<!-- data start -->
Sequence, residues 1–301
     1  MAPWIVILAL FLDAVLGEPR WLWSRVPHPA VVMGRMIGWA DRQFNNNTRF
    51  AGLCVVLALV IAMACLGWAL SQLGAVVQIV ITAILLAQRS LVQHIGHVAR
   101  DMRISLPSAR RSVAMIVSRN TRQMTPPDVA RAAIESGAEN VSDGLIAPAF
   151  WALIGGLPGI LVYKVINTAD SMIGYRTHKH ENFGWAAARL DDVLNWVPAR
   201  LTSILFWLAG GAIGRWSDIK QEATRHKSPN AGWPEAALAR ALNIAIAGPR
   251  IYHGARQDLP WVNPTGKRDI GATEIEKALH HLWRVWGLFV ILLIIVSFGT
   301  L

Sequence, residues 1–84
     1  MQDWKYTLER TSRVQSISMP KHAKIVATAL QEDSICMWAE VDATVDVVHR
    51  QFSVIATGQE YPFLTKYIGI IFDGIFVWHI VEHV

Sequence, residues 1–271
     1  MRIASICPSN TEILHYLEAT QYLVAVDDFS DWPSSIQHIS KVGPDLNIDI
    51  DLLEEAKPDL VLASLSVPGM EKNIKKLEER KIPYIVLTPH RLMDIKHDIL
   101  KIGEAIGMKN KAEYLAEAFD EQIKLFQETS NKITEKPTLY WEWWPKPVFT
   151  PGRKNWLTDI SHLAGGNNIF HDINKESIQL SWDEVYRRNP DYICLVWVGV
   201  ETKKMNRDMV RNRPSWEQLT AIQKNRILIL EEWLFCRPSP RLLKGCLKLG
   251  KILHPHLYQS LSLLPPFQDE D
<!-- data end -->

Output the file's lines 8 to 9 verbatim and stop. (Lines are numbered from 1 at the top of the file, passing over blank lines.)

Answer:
   301  L

Sequence, residues 1–84